The Blue Moon

If we understand the Blue Moon is used to identify the occasional extra full moon that occurs in the seasonal cycle and is part of the “Named Moons” system, the apparent obscure Maine Rule makes sense. However due to some error in interpretation in 1946 a new definition of the Blue Moon became popularized and that is the Sky & Telescope Rule.

The Maine Rule

By the Maine Rule, the Blue Moon is the third Full Moon in a season with four Full Moons. The Maine Rule defines the season by the motion of a Fictitious Mean Sun starting with Spring on the Ecclesiastical Vernal Equinox (March 21). From that, Summer starts on June 22, Autumn starts September 23 and Winter starts December 22 (Yule).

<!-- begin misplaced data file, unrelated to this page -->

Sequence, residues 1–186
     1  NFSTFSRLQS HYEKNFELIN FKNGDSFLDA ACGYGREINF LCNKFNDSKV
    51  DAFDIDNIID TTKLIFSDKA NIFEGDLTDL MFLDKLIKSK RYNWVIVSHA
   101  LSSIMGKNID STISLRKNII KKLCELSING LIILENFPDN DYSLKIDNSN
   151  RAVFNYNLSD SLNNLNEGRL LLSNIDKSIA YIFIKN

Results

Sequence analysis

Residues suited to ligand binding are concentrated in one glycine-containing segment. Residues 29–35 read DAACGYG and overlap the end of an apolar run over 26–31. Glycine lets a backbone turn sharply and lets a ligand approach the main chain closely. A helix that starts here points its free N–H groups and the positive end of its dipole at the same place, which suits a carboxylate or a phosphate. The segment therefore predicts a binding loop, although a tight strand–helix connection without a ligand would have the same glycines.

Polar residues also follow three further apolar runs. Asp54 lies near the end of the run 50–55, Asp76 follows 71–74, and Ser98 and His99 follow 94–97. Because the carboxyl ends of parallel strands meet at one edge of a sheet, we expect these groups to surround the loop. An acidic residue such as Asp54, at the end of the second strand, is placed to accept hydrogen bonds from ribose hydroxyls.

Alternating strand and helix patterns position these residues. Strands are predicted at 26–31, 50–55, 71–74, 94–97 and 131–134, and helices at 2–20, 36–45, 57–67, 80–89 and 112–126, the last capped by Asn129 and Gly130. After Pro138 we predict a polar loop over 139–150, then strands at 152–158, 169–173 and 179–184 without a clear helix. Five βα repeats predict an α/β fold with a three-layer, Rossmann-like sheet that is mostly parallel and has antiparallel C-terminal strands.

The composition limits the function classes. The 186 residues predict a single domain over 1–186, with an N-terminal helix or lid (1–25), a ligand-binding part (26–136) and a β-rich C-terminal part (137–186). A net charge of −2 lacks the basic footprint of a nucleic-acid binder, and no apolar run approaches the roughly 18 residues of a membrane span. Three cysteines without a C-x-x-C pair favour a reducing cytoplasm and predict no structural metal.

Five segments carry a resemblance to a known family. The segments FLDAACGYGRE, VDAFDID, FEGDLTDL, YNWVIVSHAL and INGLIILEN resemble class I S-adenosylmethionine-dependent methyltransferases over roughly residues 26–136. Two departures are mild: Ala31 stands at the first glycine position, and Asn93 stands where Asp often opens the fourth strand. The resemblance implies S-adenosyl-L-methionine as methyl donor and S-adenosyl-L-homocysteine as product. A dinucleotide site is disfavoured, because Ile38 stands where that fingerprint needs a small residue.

The Astronomical Season Rule

The Astronomical Season Rule is a contemporary version of the Maine Rule. It is the same as the Maine Rule, except it uses the actual Equinoxes and Solstices to mark the beginning of the seasons.

The Sky & Telescope Rule

The Sky & Telescope Rule defines a Blue Moon as the second Full Moon in a calendar month. It was deduced in a 1946 Sky and Telescope article which incorrectly interpreted an earlier 1943 Sky and Telescope article that was referencing the Maine Farmers’ Almanac. The error was not caught for 55 years and by that time the Sky & Telescope Rule became popular. The original Maine Rule at that time had to be deduced from old editions of the Almanac.

For more information on the history of the Sky & Telescope Rule please refer to http://skyandtelescope.com/observing/objects/moon/article_127_1.asp


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